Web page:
Open Interest: Definition, How It Works, and Example

Open Interest

Investopedia / Dennis Madamba

What Is Open Interest?

Open interest is the total number of outstanding derivative contracts, such as options or futures that have not been settled for an asset. Open interest keeps track of every open position in a particular contract, rather than tracking the total volume traded in it, which may also included netting or closing positions.

Thus, open interest can provide a more accurate picture of a contract's liquidity and interest, identifying whether money flows into the contract are increasing or decreasing

Key Takeaways

  • Open interest is the total number of open derivative contracts, such as options or futures that have not been settled.
  • Open interest equals the total number of bought or sold contracts, not the total of both added together.
  • Open interest is commonly associated with the futures and options markets.
  • Increasing open interest represents new or additional money coming into the market while decreasing open interest indicates money flowing out of the market. 
1:42

Open Interest

Understanding Open Interest

Open interest is the number of options or futures contracts that are held by traders and investors in active positions. These positions have been opened, but have not been closed out, expired, or exercised. Open interest decreases when buyers (or holders) and sellers (or writers) of contracts close out more positions than were opened that day.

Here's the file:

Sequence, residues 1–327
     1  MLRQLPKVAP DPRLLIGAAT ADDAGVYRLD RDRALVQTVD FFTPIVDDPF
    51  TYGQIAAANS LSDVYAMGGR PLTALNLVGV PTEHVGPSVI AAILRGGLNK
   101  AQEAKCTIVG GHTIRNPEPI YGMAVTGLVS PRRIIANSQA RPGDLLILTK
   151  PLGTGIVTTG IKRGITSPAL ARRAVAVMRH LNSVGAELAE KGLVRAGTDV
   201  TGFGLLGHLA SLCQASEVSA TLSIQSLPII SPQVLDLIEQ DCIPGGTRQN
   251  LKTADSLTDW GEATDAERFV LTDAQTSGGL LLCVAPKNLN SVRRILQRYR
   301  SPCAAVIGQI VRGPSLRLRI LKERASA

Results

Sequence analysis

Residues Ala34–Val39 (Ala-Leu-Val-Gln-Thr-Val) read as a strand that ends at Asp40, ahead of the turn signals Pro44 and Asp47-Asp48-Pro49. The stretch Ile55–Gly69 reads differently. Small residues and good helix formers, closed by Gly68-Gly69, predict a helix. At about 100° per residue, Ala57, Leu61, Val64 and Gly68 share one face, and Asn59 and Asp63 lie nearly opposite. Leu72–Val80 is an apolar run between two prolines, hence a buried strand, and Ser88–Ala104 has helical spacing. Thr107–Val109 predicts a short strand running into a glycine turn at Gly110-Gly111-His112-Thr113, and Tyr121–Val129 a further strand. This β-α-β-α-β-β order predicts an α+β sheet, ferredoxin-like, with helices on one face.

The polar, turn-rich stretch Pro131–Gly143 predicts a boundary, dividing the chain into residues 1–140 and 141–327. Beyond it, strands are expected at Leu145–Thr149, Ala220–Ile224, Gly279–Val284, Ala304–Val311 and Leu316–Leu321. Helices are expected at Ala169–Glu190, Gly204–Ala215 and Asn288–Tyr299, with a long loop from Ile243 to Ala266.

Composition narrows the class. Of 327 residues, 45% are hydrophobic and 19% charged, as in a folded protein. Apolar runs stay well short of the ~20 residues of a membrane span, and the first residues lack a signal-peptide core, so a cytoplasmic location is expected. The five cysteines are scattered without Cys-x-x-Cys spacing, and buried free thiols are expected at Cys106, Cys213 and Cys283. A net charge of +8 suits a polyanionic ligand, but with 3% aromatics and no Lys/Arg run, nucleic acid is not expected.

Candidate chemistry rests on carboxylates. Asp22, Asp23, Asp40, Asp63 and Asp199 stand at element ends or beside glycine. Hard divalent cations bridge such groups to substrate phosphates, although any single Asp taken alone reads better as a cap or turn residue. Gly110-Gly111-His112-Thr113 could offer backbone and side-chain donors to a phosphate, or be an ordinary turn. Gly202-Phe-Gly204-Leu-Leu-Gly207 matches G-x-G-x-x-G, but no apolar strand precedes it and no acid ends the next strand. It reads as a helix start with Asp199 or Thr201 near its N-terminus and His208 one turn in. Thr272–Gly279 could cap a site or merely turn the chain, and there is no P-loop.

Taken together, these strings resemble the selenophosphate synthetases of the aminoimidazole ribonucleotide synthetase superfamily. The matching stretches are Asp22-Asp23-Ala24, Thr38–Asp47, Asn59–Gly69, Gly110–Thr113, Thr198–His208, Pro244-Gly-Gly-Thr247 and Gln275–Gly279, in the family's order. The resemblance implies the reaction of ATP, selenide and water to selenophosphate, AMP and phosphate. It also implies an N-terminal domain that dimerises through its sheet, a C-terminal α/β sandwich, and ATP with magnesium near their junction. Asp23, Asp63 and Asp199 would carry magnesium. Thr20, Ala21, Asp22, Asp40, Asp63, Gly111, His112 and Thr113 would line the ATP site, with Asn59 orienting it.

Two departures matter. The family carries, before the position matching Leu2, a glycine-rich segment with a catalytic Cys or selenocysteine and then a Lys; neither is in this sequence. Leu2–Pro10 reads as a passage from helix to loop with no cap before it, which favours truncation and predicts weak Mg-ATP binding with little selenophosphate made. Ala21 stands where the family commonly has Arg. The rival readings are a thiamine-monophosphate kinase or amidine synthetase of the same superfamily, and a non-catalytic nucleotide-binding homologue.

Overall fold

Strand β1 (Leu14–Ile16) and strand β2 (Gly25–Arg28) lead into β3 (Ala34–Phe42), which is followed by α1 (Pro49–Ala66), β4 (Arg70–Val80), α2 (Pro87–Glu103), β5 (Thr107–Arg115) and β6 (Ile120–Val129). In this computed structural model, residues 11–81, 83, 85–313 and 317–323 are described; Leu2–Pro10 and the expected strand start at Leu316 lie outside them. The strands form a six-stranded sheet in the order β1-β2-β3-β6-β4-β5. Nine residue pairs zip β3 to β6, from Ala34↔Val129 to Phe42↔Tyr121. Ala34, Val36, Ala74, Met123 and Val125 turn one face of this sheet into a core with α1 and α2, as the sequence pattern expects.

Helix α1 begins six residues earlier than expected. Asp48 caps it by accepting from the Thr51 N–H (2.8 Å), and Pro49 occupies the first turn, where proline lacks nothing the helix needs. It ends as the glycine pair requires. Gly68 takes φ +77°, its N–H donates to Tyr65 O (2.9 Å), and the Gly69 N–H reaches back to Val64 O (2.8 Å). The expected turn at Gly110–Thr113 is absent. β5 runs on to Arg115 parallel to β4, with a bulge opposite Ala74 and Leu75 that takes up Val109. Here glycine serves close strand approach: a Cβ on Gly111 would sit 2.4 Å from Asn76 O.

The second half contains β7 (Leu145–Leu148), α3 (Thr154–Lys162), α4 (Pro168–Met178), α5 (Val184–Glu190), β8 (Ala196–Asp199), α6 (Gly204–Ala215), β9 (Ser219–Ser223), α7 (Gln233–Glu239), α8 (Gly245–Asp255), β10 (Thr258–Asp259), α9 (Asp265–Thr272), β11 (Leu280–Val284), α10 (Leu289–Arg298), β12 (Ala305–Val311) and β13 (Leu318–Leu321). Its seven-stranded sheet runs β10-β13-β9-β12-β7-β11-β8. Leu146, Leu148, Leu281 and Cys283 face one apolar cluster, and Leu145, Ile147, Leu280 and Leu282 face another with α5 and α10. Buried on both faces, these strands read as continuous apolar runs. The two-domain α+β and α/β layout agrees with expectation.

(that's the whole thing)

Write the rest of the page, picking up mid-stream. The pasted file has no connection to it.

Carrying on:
To close out a position, a trader must take an offsetting position, or exercise their option.

Open interest increases once again when investors and traders open more new long positions or sellers take on new short positions in an amount greater than the number of contracts that were closed that day.

For example, assume that the open interest of the ABC call option is 0. The next day an investor buys 10 options contracts as a new position. Open interest for this particular call option is now 10. The day after, five contracts were closed, 10 were opened, and open interest increased by five to 15.

Technical analysts use open interest, along with other metrics, to gauge the strength of a market trend. Increasing open interest indicates that new traders are entering the market, and may be used to confirm a current market trend. Declining open interest shows that traders are closing their positions, and the current trend may be weakening.

Changes to Open Interest

It's important to note that open interest equals the total number of contracts, not the total of each transaction by every buyer and seller. In other words, open interest is the total of all the buys or all of the sells, not both.

The open interest number only changes when a new buyer and seller enter the market, creating a new contract, or when a buyer and seller meet—thereby closing both positions. For example, if one trader has ten contracts short (sale) and another has ten contracts long (purchase), and these traders then buy and sell ten contracts to each other, those contracts are now closed and will be deducted from open interest.

Open interest is commonly associated with the futures and options markets, where the number of existing contracts changes from day to day. These markets differ from the stock market, where the outstanding shares of a company's stock remain constant once a stock issuance has been completed.

A common misconception of open interest lies in its purported predictive ability. It cannot forecast price action. High or low open interest reflects investor interest, but it does not mean that their views are correct or their positions will be profitable.

Open Interest vs. Trading Volume

Open interest is sometimes confused with trading volume, but the two terms refer to different measures. On a day when one trader who already holds 10 option contracts sells those 10 contracts to a new trader entering the market, the transfer of contracts does not create any change in the open interest figure for that particular option.